appropriate for more than one year's time or else that neither the federal nor the state governments can plan for the wise use of the money that Congress appropriates. It's their stamp they must be more lead time in these operations. Another thing that states have had difficulty weird is dealing with a number of agencies that have fund all programs in the same area. You might find in vocational education you might find the Department of Agriculture of the bombing of late the bombing of communists. You might find Department of Health Education and Welfare of course. And so as a governor approaches a particular problem he might be faced with a whole range of possibilities and have to do a shopping job to determine which best fits his need. This is not a good deal. And the president is trying to consolidate the federal activities and coordinate them so that a governor will be faced with a range of options Jass.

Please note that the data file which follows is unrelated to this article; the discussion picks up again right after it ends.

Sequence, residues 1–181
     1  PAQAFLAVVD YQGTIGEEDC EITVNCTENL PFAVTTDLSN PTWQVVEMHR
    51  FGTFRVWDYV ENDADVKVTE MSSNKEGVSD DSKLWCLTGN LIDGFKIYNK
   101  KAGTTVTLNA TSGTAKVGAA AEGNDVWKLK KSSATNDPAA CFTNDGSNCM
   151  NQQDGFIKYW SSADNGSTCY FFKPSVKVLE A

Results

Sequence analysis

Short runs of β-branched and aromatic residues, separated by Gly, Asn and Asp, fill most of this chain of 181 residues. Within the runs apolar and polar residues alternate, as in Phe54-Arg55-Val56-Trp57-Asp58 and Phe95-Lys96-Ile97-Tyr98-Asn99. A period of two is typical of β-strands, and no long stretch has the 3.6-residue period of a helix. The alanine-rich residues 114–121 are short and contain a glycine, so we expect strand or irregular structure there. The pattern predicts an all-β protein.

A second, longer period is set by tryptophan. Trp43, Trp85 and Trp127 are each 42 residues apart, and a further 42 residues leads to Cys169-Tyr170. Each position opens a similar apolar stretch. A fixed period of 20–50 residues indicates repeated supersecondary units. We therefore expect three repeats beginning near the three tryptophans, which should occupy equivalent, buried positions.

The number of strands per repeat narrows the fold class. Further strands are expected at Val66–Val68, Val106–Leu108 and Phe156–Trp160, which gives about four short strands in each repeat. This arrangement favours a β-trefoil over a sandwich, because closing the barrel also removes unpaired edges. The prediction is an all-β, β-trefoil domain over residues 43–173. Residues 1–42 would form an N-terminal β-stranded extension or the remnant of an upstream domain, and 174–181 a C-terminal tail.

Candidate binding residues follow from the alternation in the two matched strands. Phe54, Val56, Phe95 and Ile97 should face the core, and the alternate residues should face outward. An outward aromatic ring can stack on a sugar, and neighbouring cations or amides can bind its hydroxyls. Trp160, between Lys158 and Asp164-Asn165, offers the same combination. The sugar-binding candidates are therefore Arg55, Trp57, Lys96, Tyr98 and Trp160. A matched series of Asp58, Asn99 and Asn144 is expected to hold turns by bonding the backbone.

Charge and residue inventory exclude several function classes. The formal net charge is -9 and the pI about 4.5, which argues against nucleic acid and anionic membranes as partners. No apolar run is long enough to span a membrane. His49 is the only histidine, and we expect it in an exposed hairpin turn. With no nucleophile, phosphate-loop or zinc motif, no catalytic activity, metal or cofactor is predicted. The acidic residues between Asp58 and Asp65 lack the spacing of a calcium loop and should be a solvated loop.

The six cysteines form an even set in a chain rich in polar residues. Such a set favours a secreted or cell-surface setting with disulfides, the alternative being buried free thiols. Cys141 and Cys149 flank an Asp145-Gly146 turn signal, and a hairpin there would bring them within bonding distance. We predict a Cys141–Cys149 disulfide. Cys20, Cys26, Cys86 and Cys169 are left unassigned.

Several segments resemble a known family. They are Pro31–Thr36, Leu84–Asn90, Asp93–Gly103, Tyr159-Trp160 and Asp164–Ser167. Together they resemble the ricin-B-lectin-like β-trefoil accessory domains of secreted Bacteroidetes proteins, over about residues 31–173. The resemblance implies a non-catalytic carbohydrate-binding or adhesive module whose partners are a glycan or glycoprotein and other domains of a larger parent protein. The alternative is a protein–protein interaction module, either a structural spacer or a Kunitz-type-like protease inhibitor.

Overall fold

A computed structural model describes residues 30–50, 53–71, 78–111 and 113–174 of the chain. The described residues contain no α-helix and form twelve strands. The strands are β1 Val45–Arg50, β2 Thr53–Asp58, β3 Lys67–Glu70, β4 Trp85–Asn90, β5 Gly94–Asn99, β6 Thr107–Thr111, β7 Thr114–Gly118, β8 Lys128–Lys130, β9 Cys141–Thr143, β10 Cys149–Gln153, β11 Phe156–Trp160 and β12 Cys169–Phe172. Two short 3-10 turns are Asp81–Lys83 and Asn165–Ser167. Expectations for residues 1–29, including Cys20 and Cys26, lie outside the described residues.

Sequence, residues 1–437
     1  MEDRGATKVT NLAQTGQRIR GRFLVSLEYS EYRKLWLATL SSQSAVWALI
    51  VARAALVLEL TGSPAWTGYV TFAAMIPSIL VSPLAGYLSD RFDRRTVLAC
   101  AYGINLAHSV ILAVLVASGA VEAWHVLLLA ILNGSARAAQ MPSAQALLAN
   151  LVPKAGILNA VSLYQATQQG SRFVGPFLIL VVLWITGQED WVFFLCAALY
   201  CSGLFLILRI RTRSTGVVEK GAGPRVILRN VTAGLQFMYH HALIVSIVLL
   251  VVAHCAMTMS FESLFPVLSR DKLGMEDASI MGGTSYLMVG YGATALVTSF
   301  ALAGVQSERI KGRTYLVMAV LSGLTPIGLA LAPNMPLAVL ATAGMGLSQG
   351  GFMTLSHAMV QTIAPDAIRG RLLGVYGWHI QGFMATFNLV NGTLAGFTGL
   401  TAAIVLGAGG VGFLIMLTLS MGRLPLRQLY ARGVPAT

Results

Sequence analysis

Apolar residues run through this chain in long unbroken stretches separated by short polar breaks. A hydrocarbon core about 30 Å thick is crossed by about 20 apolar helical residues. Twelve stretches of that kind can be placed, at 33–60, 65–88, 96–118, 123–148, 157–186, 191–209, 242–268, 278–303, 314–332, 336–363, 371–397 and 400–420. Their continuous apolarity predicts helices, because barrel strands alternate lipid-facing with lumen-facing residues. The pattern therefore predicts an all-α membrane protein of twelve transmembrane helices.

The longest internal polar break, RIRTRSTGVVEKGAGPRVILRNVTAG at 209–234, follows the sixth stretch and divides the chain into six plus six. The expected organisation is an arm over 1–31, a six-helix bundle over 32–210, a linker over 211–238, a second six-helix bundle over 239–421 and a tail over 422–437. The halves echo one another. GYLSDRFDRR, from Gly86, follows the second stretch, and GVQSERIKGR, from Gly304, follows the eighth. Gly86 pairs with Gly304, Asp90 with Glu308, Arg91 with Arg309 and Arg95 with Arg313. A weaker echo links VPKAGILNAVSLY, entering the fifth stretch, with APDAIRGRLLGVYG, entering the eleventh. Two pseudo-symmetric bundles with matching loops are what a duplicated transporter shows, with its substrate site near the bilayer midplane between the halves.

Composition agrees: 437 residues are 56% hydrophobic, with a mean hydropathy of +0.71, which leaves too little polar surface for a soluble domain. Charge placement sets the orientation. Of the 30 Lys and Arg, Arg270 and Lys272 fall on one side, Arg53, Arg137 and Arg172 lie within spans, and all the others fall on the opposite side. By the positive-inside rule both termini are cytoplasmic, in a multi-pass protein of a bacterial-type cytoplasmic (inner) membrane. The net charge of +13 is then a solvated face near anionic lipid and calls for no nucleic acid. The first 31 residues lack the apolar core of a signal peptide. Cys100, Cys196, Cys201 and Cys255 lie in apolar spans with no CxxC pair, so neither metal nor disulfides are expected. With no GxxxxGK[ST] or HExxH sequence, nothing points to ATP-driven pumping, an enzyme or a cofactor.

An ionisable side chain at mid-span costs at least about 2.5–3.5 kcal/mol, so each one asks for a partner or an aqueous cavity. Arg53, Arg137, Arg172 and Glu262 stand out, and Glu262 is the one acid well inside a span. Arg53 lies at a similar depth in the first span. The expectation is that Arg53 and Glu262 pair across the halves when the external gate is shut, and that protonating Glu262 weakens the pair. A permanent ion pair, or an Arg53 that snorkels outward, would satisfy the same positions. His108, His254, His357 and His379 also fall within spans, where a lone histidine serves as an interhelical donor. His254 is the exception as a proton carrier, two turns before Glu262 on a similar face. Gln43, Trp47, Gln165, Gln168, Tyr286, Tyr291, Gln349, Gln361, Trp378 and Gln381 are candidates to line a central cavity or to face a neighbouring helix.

But not with competing in overlapping situations which seem to be the most common problems to the different states can we put them in a one to three order Governor. You say health education and welfare What is the most crucial problem facing the state governments at this point to you're in a relationship with the federal government yes and ignorant simply a lack of knowledge of the federal programs purely and simply. And that comes from a lack of communications lack of staffing at the state level. This is a big problem. But to go to substantive problems I would say that consolidation of grants is their biggest decide it's a problem that they want. It's a solution that they want the proliferation of grants which are categorical in nature narrow in definition which don't